Teaching Our Kids About Forgiveness

Teaching Our Kids About Forgiveness
 Forgiveness is something we all need because forgiveness brings freedom. It’s a crucial life lesson and one we need to teach our kids. There are four facets to teaching our kids about the value and steps of forgiveness.
  • Create a safe environment
  • Highlight the benefits of forgiveness
  • Teach the method
  • Modeling
Creating a safe environment
Processing forgiveness needs a safe environment because having to forgive someone typically involves hurt and pain. When we approach our kids in talking about forgiveness, we need to be deliberate. Dr. John Chirbin, Harvard professor and board member for Dr. Phil, shared data that only 49% of divorced parents believe they are having meaningful conversations with their kids. Less than half of single parents feel like they are engaging in important ways with their kids. However, their kids reported a different number. 76% said they are NOT having meaningful or important conversations with their parent and 80% of the kids don’t share their feelings with their parents and 85% feel alone. These statistics are sobering. As single parents, it is imperative that we engage in important meaningful conversations with our kids. A key starting point is providing a safe environment for them to share openly, honestly, and emotionally with us as parents. This doesn’t happen by accident. We must make time for it. Don’t approach them during a busy or rushed time. Be prepared to wait. We can’t force connection, but we can provide a space for it. Go where they are and be present. Show up consistently and wait for them to talk. And when they do talk, listen, and don’t shame them for their feelings. Don’t react defensively or try to fix things. This kind of intentional opportunity to connect is what God gives to each of us. When we provide the same safe place for our kids, we open opportunities for important conversations like that about forgiveness.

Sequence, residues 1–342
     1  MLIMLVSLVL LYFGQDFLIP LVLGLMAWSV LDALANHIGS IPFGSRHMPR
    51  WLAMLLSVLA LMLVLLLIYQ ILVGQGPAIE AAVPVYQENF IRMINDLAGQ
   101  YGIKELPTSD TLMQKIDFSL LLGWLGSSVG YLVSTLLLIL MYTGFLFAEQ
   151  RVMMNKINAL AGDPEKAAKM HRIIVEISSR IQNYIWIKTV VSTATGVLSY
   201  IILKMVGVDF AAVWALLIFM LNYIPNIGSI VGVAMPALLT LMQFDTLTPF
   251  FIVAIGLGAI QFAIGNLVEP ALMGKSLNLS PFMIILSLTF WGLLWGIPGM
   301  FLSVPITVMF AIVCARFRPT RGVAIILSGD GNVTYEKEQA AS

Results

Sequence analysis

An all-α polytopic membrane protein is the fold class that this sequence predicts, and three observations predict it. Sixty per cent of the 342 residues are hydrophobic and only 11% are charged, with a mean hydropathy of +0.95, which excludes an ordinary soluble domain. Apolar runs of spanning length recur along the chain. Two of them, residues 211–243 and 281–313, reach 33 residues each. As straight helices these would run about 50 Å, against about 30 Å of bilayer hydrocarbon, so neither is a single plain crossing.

If you were asked about meaningful conversations with your kids, what you say? What do you think they would say? Are you having meaningful conversations with your kids? If no, what are some obstacles you face in having those conversations? 
Highlight the benefits of forgiveness
Forgiveness is something that God commands but there are real benefits. Robert Enright and Richard Fitzgibbons wrote in Psychology Today that “Forgiveness is a choice to let go of anger toward someone who hurt you and to think, feel, and act with kindness toward that person.” They continue noting that, Forgiveness is not being weak. It takes strength and courage. It is not forgetting, condoning, or putting up with being hurt. You can forgive while still seeking justice. And forgiveness is different than reconciling. You can forgive without receiving an apology.”
Forgiveness is a choice that frees us from attachment to hurt. It’s not about the offending party, it’s about us. The benefit in forgiveness is being released from the day to day weight of what was said and done. When we forgive, we are set free from that burden. Not only that, but the process of forgiveness brings resilience, strength, and courage.
Have you experienced the benefits of forgiving someone? Of being forgiven? 
Teach the method
Teaching our kids how to forgive prepares them for life. Hurts and offenses will come and knowing how to forgive is a necessary skill for their emotional and relational health. There are four steps to forgiveness:
  • We have to acknowledge the offense
  • It’s a deliberate choice, not a feeling, that does not excuse behavior.
  • Get rid of external expectations. The person who offended us does not have to apologize or recognize what they have done. We must choose to forgive without expectation.
  • Pray for the offending party.
Have you talked to your kids about how to forgive? Even if you haven’t shared these steps specifically, have you given them guidance on how to seek forgiveness from others and how to forgive?  
Modeling
Teaching our kids about forgiveness includes creating a safe environment for important conversations, highlighting the benefits, and teaching them the method to forgive. A final facet of teaching our kids about forgiveness is modeling it ourselves. Our actions speak volumes to our kids. We’ve all heard that kids learn more from what they see in us rather than what we say. While our words are important, much of what our kids learn is caught not taught. When we as parents do the intentional work of forgiveness ourselves, our kids see this and can learn from our example. Talk about the hard things we deal with but show grace to other people. As parents, we must follow the steps of forgiveness ourselves so our kids can follow our example.
As you provide a safe environment to have meaningful conversations with your kids, we would be honored to be part of your support network.  Join our Solo Parent Society community by participating in one of our online groups meeting every week. Follow us on Facebook and Instagram (@soloparentsociety). Subscribe to our weekly podcast via AccessMore or wherever you get your podcasts, and download our Solo Parent app FREE in the app store. We love to connect single parents to resources that offer hope and help. If you want to donate so we can reach more single parent families, go to www.soloparentsociety.com. Questions? Email us at info@spsociety.com.

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